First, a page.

graphic design agency specialising in education

Teachers know best. What can a design agency know?

When we were asked to write something about how we saw the education market, we asked ourselves “What can a design agency know about education?”

Well, because we maintain that it’s vital to have an intimate knowledge about the people and products that we work with (great when we had the Mercedes account at Leo Burnett). We felt we had to put pen to paper in a considered fashion. So here goes…

Teachers Know Best.

What with the kerfuffle over the current examination system it’s no wonder teachers are exasperated. For decades generations of students have been subjected to ever-increasing scrutiny regarding their ‘performance’ throughout their school lives. First it was O-levels and CSEs followed by GCSEs and the introduction of SATs etc, etc. And now, it is proposed to reintroduce the two-tier system that is polarising opinions not only within the profession but within society at large.

How should excellence in education be measured?

As in business, the consumers’ perception is crucial. All parents would wish their child to receive an education deemed to be ‘excellent’. Sadly, for the vast majority of parents and students, ‘excellence’ has been measured by the grade awarded at the end of Years 11 and 13. For schools still participating in the SATs at Key Stages 1, 2 and 3 the story is the same. There has been much debate about the efficacy of our examination system and whether or not the preparation for these examinations is in fact ‘an education’.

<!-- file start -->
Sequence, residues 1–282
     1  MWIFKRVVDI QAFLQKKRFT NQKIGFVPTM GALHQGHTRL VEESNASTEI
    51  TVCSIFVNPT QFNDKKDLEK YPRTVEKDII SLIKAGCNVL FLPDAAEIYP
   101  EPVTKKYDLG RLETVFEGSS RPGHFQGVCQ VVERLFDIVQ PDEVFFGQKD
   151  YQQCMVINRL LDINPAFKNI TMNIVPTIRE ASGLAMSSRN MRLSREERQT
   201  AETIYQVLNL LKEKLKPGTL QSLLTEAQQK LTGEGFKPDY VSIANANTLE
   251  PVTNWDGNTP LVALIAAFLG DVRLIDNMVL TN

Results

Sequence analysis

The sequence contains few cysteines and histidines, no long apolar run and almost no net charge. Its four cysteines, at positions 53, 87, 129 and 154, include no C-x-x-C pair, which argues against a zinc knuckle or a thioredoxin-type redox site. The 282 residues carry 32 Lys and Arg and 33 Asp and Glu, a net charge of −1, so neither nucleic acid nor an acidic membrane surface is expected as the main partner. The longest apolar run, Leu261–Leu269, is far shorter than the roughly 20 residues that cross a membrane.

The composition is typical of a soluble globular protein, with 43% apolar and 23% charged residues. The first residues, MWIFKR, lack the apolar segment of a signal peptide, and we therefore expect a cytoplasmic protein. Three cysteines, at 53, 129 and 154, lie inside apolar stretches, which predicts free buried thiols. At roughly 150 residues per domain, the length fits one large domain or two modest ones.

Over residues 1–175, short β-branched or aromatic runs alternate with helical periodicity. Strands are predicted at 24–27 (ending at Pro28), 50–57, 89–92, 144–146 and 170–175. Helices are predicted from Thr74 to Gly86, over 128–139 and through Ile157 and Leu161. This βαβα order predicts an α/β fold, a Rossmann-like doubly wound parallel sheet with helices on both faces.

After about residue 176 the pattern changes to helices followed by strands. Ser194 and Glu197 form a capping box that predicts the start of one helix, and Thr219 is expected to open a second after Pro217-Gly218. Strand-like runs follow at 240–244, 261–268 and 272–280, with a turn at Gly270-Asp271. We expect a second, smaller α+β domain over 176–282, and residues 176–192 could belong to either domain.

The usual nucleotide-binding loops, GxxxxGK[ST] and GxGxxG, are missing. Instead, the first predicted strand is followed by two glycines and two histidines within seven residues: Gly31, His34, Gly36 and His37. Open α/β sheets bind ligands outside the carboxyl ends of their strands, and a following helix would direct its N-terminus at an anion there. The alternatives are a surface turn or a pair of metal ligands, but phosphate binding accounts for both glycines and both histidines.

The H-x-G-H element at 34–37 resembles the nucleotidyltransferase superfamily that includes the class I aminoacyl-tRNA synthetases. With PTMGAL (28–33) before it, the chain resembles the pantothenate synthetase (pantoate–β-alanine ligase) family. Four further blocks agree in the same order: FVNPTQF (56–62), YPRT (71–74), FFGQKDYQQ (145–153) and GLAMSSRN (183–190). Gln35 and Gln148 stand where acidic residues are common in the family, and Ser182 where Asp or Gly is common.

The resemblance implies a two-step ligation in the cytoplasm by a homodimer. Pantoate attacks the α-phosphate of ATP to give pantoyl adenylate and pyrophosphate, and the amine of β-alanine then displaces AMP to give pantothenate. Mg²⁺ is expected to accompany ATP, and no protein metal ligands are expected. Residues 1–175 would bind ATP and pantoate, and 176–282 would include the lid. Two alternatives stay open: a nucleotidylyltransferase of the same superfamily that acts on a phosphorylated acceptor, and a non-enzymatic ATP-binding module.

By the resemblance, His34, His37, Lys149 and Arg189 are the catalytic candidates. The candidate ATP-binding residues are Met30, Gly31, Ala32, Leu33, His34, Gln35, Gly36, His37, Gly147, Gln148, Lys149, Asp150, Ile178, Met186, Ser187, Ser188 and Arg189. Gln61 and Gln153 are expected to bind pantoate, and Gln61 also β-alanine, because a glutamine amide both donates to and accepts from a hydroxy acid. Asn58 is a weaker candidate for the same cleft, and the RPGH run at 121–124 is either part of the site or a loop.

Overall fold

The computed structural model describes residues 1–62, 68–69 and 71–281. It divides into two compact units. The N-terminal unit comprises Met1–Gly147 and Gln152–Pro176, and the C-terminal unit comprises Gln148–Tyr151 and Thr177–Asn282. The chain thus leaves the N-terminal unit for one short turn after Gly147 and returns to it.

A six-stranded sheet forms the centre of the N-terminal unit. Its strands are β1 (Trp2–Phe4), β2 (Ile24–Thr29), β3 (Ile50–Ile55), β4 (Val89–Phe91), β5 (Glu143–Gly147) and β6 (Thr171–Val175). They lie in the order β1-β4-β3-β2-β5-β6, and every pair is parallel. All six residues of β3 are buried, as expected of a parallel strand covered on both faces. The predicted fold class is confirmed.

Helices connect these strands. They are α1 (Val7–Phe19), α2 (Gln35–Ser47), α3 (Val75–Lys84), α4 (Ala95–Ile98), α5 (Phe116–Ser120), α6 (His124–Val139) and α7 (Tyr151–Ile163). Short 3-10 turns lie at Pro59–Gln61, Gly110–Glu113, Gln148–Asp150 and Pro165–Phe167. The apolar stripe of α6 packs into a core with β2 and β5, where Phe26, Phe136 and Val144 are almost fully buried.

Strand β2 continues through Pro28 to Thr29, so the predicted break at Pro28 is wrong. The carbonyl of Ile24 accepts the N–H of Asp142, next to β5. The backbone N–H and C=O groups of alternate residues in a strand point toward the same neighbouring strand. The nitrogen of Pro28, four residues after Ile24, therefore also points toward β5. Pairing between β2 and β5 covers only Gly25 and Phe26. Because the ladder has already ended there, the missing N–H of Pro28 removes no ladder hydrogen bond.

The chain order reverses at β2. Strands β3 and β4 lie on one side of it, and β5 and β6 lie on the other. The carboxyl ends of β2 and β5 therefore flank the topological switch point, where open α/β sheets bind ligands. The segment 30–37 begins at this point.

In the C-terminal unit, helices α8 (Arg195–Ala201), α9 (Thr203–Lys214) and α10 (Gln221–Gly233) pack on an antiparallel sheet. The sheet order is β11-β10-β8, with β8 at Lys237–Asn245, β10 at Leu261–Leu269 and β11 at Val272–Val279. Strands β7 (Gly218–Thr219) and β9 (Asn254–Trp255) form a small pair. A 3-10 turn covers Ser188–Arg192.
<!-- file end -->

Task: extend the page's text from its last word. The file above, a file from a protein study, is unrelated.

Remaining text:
All the Examining Boards, naturally, will be vying for the Pole Position. This is nothing new. Education in the UK has traditionally been regarded as ‘world class’ but in today’s marketplace its prestige has become tarnished. Rather than focusing on the quality of the education it provides, the Government has focused on league tables of achievement. Lip service is paid to the concept of ‘value-added’ achievement but the tyranny of the league tables overshadows everything. Surely the yardstick of excellence should be the progress each student makes rather than whether or not they are awarded a C or above grade?

Can we raise real standards in education?

The inherent difficulty in education is of course the nature of the product. The provision of a first-rate education system lies at the heart of our society and therefore it should not be manipulated by slick marketing that can distort both successes and failures.

Is our education system keeping pace with the rest of the world?

Sir Michael Barber’s comments echo the misgivings that many people are currently voicing. His observations of the global classroom highlight that if we are to continue to produce world-class engineers and doctors, for example, there is much we can learn. The current dilemma has arisen because universities and businesses report that students and prospective employees are not equipped to deal with the challenges that they now face. The CBI has already noted the widening skills gap.

So how far should Government tweak the system? Reform from the ground up, together with advice from a few educated heads from the world of business would be a good start.

At the very least, if this supertanker of a system is to be turned around, it would be helpful to have a few wise men on the bridge.

Ignition Idea: Why not introduce a ‘Foundation’ aspect to GCSE, to be introduced in Year 9, thereby adding breadth to subject scope and smoothing the path through to a qualification of real integrity?

Ignition is a graphic design agency with extensive expertise in the education sector. Why not contact us for a more creative take on your school’s current design and marketing communications?


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